Before I get on to the what happened next bit, I feel like I need to talk about this stuff. And when I say “stuff” I guess I broadly mean about the fertility industry and how it treats women. Arguably, I’ve had more interaction with this industry than most. I’ve heard it referred to as the Wild West, I’ve heard people say that it exploits women, that it uses experimental practices that aren’t proven as cynical money-making ventures, but I’ve honestly never felt I had that experience. You might think that having spent the best part of £100,000 – honestly, I don’t know, I’m guessing, I stopped counting mentally after I figured I’d reached about £50k – trying to have a baby, that I’d feel bitter. But until now, I never felt bitter, I never felt exploited, I never felt like a cash cow. I’ve defended – largely – the industry. For all that I’ve complained in the past that some people working in it seem to forget that their day job is the most important thing in someone else’s life, on the whole, I’ve never felt that decisions that weren’t in my best interest were being made.
That’s not the case any more. The clinic I’m with offers a package price. That price includes all scans and all blood tests. If I were being really cynical, I might suggest that if you can get away with doing fewer scans and fewer blood tests in a fixed price cycle, that means more profit on that cycle. I don’t know. I can’t tell you if what happened was intentional, careless, lazy, penny-pinching or whatever. But the upshot was the same. And it’s only because I’d been there before that I knew that what I was being told wasn’t right. And that’s one of the things that really bothers me.
Because say this were my first rodeo. Say I knew nothing about ovulation and oestrogen and dosages and all that. I’d have gone for a scan on day 18 and I would have been told that I’d ovulated and that as a result we couldn’t do a transfer that cycle. And I would have been made to feel that that was my body’s fault. Remember, I’d already been told that if I ovulated during that cycle it would be an “atypical cycle” Nobody would have told me that actually if they’d done blood tests they’d have known that my oestrogen levels weren’t as high as they needed them to be. Or that my LH levels were indicating that I was about to ovulate. I’d have been made to feel that my body had failed me.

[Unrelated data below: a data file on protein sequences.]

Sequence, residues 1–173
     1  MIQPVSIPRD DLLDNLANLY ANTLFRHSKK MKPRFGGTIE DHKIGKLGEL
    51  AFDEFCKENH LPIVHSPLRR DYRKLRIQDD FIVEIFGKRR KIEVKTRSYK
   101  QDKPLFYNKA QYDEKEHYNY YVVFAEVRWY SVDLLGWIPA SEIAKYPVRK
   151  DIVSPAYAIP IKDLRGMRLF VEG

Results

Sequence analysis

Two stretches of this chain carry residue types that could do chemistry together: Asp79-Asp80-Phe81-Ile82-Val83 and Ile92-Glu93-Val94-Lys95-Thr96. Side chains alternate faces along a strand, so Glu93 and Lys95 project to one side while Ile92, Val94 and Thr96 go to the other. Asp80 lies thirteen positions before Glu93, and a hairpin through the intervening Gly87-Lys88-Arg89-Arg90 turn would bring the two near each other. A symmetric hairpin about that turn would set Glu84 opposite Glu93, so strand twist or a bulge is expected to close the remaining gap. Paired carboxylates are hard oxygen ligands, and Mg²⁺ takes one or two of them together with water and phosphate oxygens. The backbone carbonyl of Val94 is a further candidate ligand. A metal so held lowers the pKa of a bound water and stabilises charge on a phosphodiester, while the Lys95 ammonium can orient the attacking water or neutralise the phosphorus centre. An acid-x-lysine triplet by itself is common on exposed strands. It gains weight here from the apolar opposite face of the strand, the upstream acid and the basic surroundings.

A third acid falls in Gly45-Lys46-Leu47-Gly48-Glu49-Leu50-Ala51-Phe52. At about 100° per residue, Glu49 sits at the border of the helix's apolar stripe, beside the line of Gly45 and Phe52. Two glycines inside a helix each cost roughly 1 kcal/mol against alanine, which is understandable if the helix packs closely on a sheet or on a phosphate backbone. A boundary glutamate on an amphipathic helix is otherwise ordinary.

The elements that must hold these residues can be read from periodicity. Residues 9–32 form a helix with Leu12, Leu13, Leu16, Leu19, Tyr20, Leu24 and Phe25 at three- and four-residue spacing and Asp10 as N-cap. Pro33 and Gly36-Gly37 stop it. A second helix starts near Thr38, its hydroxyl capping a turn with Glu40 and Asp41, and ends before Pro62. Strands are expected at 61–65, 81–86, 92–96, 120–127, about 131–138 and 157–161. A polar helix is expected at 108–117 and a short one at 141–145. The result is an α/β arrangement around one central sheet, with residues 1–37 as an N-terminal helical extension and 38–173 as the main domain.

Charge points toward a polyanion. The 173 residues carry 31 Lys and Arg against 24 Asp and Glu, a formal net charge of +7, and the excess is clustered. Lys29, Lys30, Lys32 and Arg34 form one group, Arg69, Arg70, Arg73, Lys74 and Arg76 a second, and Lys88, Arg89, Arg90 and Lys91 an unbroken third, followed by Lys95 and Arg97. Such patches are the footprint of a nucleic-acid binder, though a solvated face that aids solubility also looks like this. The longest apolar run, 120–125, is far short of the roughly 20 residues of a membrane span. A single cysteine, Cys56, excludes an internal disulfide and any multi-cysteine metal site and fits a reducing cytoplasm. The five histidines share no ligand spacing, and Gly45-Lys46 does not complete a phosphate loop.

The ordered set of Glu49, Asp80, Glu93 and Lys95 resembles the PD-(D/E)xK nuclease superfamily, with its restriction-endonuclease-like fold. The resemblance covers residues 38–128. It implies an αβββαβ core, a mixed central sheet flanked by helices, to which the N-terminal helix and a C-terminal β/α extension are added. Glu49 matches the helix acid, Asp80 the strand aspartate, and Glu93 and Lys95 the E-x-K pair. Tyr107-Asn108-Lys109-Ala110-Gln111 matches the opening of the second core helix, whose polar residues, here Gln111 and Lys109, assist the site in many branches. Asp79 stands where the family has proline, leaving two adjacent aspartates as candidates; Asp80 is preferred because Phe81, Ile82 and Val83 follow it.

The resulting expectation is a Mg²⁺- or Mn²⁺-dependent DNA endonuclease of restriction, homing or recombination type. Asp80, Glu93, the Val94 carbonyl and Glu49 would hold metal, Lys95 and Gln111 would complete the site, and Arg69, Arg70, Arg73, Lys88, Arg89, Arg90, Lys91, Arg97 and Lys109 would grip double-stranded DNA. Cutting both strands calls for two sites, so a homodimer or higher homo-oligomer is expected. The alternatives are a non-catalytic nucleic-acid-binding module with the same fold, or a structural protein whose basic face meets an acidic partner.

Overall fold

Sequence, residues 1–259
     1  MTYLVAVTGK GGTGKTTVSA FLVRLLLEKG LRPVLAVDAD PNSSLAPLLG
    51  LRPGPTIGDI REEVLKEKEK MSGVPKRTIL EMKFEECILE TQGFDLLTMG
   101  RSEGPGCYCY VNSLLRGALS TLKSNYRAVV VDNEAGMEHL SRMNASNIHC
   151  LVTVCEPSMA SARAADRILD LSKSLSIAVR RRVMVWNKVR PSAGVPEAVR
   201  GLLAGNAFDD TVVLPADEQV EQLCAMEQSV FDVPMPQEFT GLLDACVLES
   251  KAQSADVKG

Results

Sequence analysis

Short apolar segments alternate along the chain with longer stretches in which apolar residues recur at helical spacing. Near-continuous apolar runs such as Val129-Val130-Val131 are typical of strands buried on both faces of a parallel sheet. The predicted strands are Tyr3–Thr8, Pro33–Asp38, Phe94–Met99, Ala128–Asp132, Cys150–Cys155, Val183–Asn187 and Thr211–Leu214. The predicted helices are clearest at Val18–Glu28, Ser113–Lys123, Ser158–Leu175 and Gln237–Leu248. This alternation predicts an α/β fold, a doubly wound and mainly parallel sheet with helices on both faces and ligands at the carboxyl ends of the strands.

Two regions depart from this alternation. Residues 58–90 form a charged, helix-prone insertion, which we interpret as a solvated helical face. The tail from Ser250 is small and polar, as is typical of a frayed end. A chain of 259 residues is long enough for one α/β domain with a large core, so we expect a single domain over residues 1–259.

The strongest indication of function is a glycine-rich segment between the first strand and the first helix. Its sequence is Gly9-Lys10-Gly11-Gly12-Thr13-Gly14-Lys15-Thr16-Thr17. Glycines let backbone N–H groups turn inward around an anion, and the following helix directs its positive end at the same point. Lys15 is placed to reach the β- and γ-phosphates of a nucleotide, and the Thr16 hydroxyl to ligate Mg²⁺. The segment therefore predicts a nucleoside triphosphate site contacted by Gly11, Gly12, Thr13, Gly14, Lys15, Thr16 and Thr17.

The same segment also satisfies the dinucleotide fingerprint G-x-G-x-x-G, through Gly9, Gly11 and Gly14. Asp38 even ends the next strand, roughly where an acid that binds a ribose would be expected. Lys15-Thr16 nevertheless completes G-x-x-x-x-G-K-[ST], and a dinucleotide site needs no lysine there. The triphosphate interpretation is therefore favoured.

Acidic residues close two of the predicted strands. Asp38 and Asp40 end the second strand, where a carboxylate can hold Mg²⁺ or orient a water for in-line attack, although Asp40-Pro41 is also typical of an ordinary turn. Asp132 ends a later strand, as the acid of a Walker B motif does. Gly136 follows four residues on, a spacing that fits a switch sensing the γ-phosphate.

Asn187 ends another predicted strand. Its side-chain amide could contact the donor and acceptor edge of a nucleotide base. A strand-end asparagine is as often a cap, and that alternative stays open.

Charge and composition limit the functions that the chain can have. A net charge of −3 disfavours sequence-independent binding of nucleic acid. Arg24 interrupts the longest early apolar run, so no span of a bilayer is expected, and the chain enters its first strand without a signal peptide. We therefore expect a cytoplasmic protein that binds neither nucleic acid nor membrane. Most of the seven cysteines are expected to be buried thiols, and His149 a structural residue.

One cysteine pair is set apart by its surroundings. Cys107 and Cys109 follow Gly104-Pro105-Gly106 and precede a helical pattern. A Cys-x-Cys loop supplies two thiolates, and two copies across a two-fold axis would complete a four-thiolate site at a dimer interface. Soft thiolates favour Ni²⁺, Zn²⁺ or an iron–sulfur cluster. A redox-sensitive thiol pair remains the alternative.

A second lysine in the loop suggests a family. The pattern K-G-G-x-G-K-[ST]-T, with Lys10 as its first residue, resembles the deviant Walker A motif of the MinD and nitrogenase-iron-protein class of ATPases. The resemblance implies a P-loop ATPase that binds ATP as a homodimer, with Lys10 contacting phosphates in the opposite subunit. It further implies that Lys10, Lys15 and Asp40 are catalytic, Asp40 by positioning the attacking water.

And this matters, this really matters. Elizabeth Day has written and talked about this. About how the language around fertility is all about women being at fault. “Non-responders”, “inhospitable wombs”, “failed cycle” – it’s a burden that is placed on the recipient of the treatment, never on the treatment itself. It’s never “we didn’t give your body the right drugs for it”, always “your body didn’t respond the right way to the drugs we gave it.” Because at a really stressful point in your life, what you really need is to be made to feel that you could have done something different or better.
But it’s not just about the language that we use, or about victim blaming, it’s also about something else that’s just as important. There is a history of women not being listened to when it comes to their bodies and medicine. Caroline Criado-Perez has talked and written about this. Women’s concerns are routinely (& more so than men’s) dismissed when they report pain, or symptoms, or express concern about any aspect of their treatment. When women advocate for themselves in a medical context, they are very often not listened to.
I advocated for myself but I was made to feel as if I was being silly, neurotic, hysterical. Despite the fact that I knew my body. Despite the fact that I was drawing on information from doctors I’d worked with in the past who I’d trusted. Even when my ovulation stick showed I was ovulating, I questioned myself. And I continued to question myself right up until I had my consultant on the phone confirming that, as I had feared / suspected, the blood test and the scan showed that I was right, I was ovulating.
But even then, when she was telling me this, I was made to feel like my body was at fault. “Your oestrogen levels weren’t as high as they should be,” she told me. Not “we failed to do the necessary blood tests to ensure that we could see you were metabolising the oestrogen as we thought you would. And if we had done those tests, we would have known and could have adjusted your dosage accordingly.”
Coulda, shoulda, woulda. Through some combination of what I’m going to call their cock-ups and my experience / control freakery / attention to detail, we knew that I was ovulating and so we had a decision to make. Cancel the cycle and wait around six weeks until we could do another, or hit and hope…